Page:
He feels there are two implications: religious and humanistic.

The religious implication is that “truth is the prize of the daring”. He offers that if the early Christians didn’t read the gospel narratives as historical fact, then why should we? Why should we hold these stories as factually credible when they didn’t? Miller claims that the “framing embellishments of the Gospels, contrary to most present-day biblical theologies, served to exalt the content being framed, namely, the philosophy embodied in the iconic portrayal of the founder, Jesus.” How can the philosophy suggested in those texts compete in today’s world? That’s the question and the religious implication.

The humanistic implication is that these Gospel stories are not the “sacrosanct possession of a major religious tradition”, but of all humankind. It belongs in the annals of our story. “To know human nature most deeply, one must become a student of the sacred.” Do these early texts, and does Christianity as a religion, contain an appreciation for humankind’s highest virtues and most noble ideals?

It was a wonderful experience plodding through this book and taking notes. It helped clarify and put words to my latent suspicions. In the spring of 2009 I had a dream that launched me on the contemplation and articulation of what I called “The Z-Theory”, where I have suggested some ideas about Jesus and the early Christian portrayal of him as they fit in an attempt at a unified theory of reality as it applies to religion.

Miller and I have conversed, and we agree he needs to follow up with a popular version. But save up and get this book. Order Resurrection and Reception in Early Christianity (Routledge Studies in Religion). It’s worth it because it contains all the references necessary to get a grasp of overwhelming evidence that supports his argument. I also feel this book is infinitely helpful for all of us, no matter where we stand philosophically, theologically or religiously, to approach a more agreeable understanding of Jesus and Christianity.

If you are deconstructing your beliefs, this book will help you do it perhaps more rationally. For me, this book came at just the right time.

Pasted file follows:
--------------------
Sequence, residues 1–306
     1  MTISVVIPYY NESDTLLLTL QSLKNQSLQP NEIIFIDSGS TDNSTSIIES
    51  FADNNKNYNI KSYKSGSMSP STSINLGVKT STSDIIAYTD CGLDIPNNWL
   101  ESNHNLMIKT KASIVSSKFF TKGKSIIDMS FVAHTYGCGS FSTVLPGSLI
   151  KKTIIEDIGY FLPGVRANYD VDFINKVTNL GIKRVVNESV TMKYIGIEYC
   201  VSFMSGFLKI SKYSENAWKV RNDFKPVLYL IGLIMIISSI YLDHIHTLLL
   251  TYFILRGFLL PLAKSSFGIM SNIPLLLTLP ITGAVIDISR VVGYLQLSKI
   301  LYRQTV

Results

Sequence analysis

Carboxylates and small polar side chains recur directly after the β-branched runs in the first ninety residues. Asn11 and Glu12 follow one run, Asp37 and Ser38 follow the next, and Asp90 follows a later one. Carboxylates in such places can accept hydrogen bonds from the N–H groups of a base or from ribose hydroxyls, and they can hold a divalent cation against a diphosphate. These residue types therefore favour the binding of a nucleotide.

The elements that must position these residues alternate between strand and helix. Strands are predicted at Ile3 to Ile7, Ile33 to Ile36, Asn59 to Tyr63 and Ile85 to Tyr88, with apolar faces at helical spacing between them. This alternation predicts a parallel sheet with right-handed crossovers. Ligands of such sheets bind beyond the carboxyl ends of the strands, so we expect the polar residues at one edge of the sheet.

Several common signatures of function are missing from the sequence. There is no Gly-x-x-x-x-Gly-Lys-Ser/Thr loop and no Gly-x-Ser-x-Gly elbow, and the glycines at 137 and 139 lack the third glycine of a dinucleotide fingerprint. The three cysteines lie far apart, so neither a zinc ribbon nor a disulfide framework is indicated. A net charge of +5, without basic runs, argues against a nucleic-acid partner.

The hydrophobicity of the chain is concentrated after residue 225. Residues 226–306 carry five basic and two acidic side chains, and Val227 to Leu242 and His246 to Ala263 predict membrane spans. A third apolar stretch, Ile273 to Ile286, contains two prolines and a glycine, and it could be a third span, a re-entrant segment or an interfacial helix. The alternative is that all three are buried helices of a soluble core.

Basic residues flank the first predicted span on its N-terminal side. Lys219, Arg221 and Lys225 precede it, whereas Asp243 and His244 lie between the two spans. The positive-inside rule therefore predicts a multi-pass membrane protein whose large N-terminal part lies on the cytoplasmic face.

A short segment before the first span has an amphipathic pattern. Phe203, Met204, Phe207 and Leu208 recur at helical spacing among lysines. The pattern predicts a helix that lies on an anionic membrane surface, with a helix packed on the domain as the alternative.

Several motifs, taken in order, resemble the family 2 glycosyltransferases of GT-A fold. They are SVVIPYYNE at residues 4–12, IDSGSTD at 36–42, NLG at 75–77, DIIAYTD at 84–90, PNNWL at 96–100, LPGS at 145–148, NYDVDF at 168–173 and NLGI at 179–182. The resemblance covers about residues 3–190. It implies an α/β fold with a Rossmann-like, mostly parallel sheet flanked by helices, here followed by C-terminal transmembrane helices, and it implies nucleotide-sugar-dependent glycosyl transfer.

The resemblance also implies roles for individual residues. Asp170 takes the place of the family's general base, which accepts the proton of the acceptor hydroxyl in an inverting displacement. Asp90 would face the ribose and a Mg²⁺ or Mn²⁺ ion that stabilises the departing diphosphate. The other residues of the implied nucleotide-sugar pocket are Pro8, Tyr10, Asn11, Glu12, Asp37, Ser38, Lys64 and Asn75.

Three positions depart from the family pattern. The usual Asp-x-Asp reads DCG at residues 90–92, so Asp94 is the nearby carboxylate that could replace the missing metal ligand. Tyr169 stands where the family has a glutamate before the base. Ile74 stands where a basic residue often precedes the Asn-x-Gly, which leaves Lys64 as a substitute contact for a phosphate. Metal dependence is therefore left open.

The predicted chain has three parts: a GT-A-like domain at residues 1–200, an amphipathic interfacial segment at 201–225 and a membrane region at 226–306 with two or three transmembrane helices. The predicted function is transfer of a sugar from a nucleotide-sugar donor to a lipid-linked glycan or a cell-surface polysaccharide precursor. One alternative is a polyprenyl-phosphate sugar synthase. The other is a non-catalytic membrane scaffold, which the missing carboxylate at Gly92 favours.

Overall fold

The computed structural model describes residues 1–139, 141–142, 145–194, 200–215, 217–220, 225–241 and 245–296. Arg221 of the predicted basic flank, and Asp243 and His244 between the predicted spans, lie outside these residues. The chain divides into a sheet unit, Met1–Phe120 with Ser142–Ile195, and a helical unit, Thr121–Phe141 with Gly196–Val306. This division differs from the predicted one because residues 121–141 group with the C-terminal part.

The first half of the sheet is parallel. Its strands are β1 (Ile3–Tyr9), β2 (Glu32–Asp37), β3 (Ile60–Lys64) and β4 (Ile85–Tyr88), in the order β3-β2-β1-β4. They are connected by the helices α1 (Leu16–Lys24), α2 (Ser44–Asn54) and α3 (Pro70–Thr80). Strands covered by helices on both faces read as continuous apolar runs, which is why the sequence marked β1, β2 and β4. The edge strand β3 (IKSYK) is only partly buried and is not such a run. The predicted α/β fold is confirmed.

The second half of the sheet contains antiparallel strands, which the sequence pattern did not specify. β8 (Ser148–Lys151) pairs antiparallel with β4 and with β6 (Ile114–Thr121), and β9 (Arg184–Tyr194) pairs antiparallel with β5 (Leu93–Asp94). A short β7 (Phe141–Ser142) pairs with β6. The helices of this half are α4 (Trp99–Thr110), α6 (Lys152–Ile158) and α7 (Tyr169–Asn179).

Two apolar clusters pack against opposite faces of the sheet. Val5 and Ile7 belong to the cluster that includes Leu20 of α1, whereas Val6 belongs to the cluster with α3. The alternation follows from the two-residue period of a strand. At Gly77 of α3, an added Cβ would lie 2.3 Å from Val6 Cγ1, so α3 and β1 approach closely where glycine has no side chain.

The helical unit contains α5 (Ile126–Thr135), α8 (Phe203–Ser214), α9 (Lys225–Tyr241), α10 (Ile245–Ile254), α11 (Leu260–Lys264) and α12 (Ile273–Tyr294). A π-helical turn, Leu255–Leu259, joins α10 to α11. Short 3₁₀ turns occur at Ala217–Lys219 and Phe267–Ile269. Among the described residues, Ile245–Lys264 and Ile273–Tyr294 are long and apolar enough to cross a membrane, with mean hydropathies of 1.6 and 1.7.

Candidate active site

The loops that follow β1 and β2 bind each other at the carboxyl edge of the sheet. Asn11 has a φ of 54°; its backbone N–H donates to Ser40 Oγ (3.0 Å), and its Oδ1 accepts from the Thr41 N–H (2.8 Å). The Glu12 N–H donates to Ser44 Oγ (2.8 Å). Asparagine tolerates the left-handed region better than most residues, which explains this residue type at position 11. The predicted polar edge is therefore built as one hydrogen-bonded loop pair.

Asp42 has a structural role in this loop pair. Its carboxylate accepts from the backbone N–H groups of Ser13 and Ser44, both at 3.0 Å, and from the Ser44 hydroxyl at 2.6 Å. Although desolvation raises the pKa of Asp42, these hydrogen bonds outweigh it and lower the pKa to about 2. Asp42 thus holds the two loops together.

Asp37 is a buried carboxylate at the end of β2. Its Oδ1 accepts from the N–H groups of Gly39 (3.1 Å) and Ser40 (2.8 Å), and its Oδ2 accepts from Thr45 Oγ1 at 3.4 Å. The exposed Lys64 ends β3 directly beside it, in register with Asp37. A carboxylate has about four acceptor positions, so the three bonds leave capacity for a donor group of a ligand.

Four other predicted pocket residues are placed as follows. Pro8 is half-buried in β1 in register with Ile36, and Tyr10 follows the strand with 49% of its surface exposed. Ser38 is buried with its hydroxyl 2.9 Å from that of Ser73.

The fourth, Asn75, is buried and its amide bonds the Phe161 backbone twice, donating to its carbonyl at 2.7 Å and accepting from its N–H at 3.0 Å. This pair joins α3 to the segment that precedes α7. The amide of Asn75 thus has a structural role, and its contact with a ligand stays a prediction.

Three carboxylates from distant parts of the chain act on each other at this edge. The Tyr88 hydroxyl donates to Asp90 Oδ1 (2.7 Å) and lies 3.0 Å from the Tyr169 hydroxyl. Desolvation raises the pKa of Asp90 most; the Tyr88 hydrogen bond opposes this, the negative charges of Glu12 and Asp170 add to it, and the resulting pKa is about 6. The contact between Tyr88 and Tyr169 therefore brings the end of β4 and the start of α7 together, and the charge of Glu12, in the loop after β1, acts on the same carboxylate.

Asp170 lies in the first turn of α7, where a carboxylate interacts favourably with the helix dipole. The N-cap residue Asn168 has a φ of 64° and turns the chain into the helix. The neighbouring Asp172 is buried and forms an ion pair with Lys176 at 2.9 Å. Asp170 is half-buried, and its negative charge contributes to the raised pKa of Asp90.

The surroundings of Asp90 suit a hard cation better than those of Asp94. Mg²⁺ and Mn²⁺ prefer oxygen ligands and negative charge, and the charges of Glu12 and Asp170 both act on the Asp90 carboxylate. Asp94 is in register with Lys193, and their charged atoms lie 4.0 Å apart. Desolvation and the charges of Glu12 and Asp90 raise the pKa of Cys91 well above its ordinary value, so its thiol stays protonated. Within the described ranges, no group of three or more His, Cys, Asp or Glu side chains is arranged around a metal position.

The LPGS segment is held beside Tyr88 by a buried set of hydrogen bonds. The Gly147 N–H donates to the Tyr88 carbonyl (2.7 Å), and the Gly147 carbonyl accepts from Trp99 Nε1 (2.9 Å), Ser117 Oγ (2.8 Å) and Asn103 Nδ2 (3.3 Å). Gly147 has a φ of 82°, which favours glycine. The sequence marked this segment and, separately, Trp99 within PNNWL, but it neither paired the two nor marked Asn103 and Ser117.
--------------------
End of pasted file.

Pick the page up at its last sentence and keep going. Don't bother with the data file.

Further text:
This is the kind of stuff we sometimes talk about at The Lasting Supper… a place where you are free to express yourself and ask questions.


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13 Responses

  1. irreverance says:


    Resurrection as a narrative reality. I can work with this. 🙂

  2. Ducatihero says:

    I love the “The New Testament works were often subversive, but never seditious” approach and what you say about power with “prolific creative freedom” the sense of using storytelling to communicate “popularly employed methods to convey a hero’s story”.

    The literal or symbolic nature as understood through biblical interpretation is something I don’t think any of us will have perfectly figured out, with it coming through translations and being about something in the middle east 200 years ago. It is interesting to argue and debate in order to wrestle with particular understandings, particularly over controversial issues, however I think we have ultimately to surrender to the reality that however close we get to the reality of what it was like, we weren’t there at the time and therefore will never get everything totally right.

    This idea of storytelling in particularly interesting to me. I think like all storytelling there is the entertainment combined with some transformative effect.

    I guess it was the subverting that got Jesus killed!

  3. Jeremy Edgar says:

    So the resurrection is not literally true? Where’s the hope then?

  4. Cecilia Davidson says:

    (the things I’d do to get the book)
    It’s interesting that so many Christians refuse to believe that the idea of resurrection ISN’T new and wasn’t only applied to Jesus. Then again, the system rarely wants the congregation to have book learning.

  5. Teague Frawley says:

    In my mind this is just more evidence that a experiential relationship with God in which live in the reality of living, breathing, and having our our being in Sources and Source in us is the only way to know truth. Everything else is just a supplement and can become a distraction or even idol.

    Its true and I do not apologize for it that I pick and choose what within the Jewish and Christian Bibles I accept as scripture. I also, believe their is Source Breathed text that was rejected as part of the cannon and much that was included IMO isn’t god breathed.

    For me I have learned to trust the Holy Breath within to guide me into truth. Personally now I would never spend that much on a book. I have cognitive dissidence just at the thought of a book on spiritual topics, being priced so high that even the poorest person cannot benefit from it. Then again at the same time I don’t believe that an author is undeserving of being rewarded for their labor. So I struggle a bit with this!

  6. Moriah says:

    And then Paul takes care of the rest: “If Christ be not raised, your faith is in vain.”